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I'm trying to do SVD on the correlation matrix of a panel of 60 samples of 500 random variables. I expect the singular values of the matrix add up to 500.

The problem is that on rare occasions, I get insane singular values: they sum up to over 1000. There are two other clues: 1. If I try different correlation algorithms ... pearson, spearman, etc ... one may work when the other fails. Each of the correlation algorithms seems to produce insane singular values at times. I tried using R and Python correlation libraries 2. If I try dropping one row from the correlation matrix, often times, the singular values become sane again.

The way I'm going around this bug is to find the correlation in different ways till I find one where the Singular values add up to a sane value. I guess I could patch the algorithm to try all possible combinations of algorithms and row exclusions to get a very high probability of getting sane singular values, but I'm hoping there is a method to this madness.

Thanks !

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closed as off-topic by Ricardo Andrade, Stefan Kohl, Carlo Beenakker, Andrey Rekalo, Chris Godsil Dec 8 '13 at 19:52

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I'm not sure you've given enough context or information for the problem to be apparent or to have a definite answer. Why would you expect the singular values to add up to a certain number? Also, it's not clear to me how different correlation metrics and dropping rows/columns are relevant. If A is your matrix, then the squares of the singular values add up to $\operatorname{tr} A A^T$. Other than using the Cauchy-Schwartz inequality, I don't see how you can get more a priori information about the sum of the first powers of the singular values. –  Igor Khavkine Nov 20 '11 at 13:32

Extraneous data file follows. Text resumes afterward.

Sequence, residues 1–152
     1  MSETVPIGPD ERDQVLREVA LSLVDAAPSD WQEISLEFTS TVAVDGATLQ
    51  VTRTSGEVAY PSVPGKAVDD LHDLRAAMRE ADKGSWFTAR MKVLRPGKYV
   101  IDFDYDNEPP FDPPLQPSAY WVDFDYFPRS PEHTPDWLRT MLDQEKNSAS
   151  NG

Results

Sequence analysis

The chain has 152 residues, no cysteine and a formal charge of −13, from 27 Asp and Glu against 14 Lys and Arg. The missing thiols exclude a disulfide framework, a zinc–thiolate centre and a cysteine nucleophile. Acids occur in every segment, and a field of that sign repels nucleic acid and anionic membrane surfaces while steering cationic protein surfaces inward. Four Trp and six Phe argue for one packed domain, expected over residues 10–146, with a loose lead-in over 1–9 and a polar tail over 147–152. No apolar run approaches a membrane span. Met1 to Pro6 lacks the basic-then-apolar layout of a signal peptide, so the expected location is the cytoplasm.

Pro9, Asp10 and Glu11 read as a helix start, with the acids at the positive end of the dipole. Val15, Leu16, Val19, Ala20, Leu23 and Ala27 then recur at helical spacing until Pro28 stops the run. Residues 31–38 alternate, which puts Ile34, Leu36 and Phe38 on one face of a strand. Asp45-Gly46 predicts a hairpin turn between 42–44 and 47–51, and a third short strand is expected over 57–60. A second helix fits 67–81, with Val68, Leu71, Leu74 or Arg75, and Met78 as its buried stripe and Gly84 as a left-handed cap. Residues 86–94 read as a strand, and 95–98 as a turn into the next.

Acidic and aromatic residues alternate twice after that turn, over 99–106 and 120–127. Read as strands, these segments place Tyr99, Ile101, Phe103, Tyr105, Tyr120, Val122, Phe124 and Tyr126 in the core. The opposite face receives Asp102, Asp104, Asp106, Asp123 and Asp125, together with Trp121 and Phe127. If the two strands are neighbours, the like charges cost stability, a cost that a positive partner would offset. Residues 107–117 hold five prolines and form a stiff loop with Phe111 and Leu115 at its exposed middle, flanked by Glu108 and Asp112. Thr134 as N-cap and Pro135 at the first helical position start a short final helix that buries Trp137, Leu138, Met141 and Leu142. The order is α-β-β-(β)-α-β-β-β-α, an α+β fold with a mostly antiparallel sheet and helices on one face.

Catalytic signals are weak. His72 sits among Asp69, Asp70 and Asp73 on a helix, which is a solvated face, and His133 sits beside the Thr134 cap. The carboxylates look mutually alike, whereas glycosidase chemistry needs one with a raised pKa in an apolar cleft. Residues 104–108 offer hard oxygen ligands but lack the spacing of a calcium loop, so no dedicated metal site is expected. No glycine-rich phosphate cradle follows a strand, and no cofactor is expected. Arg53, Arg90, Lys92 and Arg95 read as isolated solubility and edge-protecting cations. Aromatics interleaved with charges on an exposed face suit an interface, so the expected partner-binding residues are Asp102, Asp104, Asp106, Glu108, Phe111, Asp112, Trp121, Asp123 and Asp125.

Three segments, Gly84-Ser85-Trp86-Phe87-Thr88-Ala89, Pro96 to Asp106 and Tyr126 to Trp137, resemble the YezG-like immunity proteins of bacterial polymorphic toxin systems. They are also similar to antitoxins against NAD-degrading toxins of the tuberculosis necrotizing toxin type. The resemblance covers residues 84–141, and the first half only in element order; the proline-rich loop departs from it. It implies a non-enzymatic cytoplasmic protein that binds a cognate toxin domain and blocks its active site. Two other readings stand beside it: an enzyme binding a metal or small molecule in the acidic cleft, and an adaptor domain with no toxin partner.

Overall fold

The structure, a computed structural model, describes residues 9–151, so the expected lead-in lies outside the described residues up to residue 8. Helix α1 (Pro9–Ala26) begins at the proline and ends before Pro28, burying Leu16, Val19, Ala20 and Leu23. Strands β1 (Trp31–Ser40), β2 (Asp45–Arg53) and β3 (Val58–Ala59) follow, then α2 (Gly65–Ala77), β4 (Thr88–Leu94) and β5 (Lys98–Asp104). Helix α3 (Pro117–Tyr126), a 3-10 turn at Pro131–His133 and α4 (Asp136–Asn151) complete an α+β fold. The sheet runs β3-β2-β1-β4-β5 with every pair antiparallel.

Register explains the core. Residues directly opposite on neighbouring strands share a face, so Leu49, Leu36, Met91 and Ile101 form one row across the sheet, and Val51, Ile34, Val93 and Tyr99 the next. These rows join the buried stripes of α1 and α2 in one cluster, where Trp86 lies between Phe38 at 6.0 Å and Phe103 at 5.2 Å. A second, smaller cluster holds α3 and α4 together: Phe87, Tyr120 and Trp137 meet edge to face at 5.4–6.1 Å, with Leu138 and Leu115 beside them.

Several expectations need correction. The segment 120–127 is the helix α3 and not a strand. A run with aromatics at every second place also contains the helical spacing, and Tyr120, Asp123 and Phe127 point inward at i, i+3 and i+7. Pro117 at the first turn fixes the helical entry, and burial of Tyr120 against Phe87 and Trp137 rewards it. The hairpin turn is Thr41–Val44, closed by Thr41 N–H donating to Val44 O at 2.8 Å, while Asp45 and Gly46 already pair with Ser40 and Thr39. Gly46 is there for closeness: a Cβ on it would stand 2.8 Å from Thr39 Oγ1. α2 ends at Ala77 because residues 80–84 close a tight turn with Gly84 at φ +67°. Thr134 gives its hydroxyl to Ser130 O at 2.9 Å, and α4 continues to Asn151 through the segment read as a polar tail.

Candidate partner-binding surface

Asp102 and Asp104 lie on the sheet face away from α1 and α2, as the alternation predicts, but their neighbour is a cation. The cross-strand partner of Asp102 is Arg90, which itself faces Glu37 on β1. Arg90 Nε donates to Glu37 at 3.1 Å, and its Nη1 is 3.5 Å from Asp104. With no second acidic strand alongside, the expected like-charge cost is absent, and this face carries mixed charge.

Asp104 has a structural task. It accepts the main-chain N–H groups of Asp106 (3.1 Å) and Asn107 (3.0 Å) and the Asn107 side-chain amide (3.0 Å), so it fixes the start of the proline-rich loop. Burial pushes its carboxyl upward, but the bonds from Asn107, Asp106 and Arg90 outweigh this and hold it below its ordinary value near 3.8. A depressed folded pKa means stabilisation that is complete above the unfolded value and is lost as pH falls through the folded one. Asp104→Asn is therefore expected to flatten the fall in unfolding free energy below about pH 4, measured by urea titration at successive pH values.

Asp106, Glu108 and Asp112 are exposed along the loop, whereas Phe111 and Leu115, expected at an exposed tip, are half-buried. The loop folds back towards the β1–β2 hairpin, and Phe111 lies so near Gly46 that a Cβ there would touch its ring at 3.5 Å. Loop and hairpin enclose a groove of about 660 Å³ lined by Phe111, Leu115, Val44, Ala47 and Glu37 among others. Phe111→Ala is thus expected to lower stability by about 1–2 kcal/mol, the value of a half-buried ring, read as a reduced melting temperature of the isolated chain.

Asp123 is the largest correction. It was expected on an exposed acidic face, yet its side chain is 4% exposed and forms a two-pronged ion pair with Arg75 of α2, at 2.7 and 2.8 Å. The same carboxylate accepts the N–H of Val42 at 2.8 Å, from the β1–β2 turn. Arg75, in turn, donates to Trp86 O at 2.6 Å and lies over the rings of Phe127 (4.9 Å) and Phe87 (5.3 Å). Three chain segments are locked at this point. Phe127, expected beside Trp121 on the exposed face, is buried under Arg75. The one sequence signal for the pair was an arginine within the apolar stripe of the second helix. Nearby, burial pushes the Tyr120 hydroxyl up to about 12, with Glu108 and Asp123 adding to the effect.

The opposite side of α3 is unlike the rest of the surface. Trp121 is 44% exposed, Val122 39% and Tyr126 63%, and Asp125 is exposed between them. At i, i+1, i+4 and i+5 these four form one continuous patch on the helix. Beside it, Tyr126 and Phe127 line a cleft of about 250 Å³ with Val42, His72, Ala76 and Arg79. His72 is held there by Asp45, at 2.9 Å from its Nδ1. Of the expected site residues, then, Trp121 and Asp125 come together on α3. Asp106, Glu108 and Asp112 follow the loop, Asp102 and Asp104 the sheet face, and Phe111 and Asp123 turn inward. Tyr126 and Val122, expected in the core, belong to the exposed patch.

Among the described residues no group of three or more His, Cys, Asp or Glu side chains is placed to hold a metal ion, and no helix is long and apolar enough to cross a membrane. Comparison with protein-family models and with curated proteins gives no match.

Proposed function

Check out the Herbert-Schmidt Norm: en.wikipedia.org/wiki/… ... since the trace of a correlation matrix is n for an n dimensional matrix, I think the singular values should add to n. Also, I've verified that this does work experimentally. I could provide a working example that shows this bug in action. I don't know how to provide example files. –  fodon Nov 23 '11 at 13:38

1 Answer 1

The sum of the eigenvalues equals the number of variables $(p=\sum_j \lambda_j)$ only when the correlation matrix $\mathbf{R}$ is used, so obviously make sure you aren't using the covariance matrix $\mathbf{C}$. (often people write or mention that the "correlation matrix was used" but actually used the covariance matrix because occasionally the terminology is loose. Loose terminology abounds when all the data are mean-zero standardized, i.e., when $\mathbf{R}=\mathbf{C}$). This may not apply to your case, however.

Mean-zero standardizing is another issue you might want to address. Thus, try generating a $\mathbf{Z}$ matrix first, with elements $z_{ij}=(x_{ij} - \bar{x}_j)/\sigma_j$, where $\bar{x}_j$ is the mean of variable $j$ and $\sigma_j$ is the s.d of variable $j$. Then determine $\mathbf{R}$ using $\mathbf{Z}$.

Last, there can be pathologies in $\mathbf{R}$, causing negative eigenvalues as well.

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